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July 2015

CreateNewThinking

 

 

The Narrative of Change

"If you think you can do a thing or think you can't do a thing, you're right.”

… Henry Ford (1863-1947) US Businessman

You may not realise it but there are always two aspects to any change experience regardless of whether it is at an individual, group or organisational level. The first aspect is the things that will change and the second aspect is the story associated with that change. Indeed, this is not just about change but life in general. There are the actions and things that happen and then there is our story about them. We speak about this as 'phenomenon' and 'story'.

This can be seen as the difference between the facts, which are things we know to be true, and interpretation, which are what those facts mean to us.

That these two go hand in hand is something I have observed over many years in my work, yet it seems the people seeking to create change almost always don't deal coherently with both of these aspects, tending to favour one over the other.

For example, think of our politicians who spend so much time and energy spinning their story yet seem to neglect that many of their actions are inconsistent with their words. It seems over time, we are becoming more and more disenchanted with our political leaders and much of it stems from this focus on selling a story they cannot hope to turn in action and the outcomes they are declaring, which never come to pass.

On the other hand, organisations go through change all the time and generally put their emphasis on the process of change, tending to pay passing attention to the story of why the change is necessary, what it will be and how it will be implemented. Organisational leaders seem largely incapable of creating an overarching shared narrative of what the organisation is about and what it is seeking to achieve.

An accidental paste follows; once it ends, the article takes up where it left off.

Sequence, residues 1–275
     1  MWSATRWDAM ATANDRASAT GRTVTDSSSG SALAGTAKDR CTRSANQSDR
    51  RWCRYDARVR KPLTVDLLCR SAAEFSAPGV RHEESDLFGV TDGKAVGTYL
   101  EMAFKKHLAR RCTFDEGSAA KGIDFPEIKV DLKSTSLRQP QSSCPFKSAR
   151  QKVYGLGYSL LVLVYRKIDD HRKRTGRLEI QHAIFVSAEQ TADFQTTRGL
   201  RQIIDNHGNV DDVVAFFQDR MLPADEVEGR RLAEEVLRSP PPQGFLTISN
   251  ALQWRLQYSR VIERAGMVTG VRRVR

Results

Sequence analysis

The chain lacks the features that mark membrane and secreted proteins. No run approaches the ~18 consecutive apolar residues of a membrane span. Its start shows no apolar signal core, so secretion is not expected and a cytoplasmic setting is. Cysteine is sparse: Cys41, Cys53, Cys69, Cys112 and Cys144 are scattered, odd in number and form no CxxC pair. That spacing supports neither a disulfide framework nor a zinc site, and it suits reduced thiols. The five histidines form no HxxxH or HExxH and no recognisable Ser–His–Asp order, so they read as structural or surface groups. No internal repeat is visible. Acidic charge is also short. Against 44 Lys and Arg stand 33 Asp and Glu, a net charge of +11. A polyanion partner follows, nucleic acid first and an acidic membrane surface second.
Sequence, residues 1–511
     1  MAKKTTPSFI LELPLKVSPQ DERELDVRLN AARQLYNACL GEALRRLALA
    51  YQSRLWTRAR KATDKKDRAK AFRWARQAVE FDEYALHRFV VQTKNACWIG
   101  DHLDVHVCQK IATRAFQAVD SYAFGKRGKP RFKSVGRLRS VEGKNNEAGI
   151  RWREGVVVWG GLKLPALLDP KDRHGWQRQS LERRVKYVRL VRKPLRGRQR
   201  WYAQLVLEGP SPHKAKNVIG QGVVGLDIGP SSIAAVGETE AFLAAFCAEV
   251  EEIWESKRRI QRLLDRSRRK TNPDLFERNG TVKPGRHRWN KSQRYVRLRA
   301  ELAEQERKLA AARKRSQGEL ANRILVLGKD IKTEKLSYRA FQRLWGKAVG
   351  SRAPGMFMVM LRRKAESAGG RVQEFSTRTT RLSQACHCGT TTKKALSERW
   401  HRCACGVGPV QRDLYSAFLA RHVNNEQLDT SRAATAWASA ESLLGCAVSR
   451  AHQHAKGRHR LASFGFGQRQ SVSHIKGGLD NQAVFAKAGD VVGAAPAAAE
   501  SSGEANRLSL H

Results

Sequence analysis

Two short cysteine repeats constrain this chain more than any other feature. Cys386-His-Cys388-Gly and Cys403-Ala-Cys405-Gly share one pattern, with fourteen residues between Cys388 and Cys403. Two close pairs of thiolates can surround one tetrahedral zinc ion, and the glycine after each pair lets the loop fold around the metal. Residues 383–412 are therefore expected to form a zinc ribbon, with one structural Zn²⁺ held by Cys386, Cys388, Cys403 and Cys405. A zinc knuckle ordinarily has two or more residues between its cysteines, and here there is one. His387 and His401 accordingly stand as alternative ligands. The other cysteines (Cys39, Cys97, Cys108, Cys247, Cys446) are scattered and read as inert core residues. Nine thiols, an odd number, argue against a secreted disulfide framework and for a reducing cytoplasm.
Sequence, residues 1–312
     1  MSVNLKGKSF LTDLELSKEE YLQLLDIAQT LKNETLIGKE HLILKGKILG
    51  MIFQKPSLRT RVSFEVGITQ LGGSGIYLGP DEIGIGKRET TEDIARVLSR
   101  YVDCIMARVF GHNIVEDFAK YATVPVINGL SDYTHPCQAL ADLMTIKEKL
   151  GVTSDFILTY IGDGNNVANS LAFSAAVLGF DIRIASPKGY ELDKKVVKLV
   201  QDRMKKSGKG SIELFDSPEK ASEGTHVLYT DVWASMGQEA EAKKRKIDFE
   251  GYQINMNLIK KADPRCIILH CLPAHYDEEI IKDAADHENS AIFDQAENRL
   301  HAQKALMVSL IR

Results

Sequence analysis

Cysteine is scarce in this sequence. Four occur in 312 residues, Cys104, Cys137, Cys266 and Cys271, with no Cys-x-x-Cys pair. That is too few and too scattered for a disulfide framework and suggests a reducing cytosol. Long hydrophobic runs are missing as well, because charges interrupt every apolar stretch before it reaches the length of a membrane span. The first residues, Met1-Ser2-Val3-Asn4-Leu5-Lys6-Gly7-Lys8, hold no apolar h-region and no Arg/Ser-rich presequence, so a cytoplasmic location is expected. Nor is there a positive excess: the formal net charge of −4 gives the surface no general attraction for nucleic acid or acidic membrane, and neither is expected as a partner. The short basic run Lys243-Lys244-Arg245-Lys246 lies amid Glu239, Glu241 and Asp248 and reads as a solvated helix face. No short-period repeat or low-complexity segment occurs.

There is a simple model, known as the 'story action cycle', that allows us to see how this could work better. We all have a story about how the world is for us. This story includes what we believe we are capable of doing and the possibilities that are open for us. As Henry Ford so eloquently put it, "If you think you can do a thing or think you can't do a thing, you're right." The actions we take are a direct result of our story of the situation and our capability to deal with it. As we tend to take the actions we think we are limited to taking, this reinforces our story and so the cycle continues and nothing ever changes.

When it comes to change, we are seeking to break that cycle. Whether it is a group change or and individual change, we have to find a way to redefine our story of what is possible and then take the action required to develop and maintain a new narrative.

Good coaches have known about the connection between story and action for a long time. We are not only helping people take more effective action, above all we are helping them develop more useful stories about themselves and what is possible.

I invite you to take a look at your organisation and see how much effort they put into developing a narrative that is consistent with the actions being taken, particularly when it comes to major change situations. Think about how you could do this better. It may well help you bring forth the change that is needed in this dynamic world.

We invite you to explore more in the articles section of our web site.

 


Mind Health Matters

Some thoughts from Jacqui Chaplin

“A good half of the art of living is resilience.”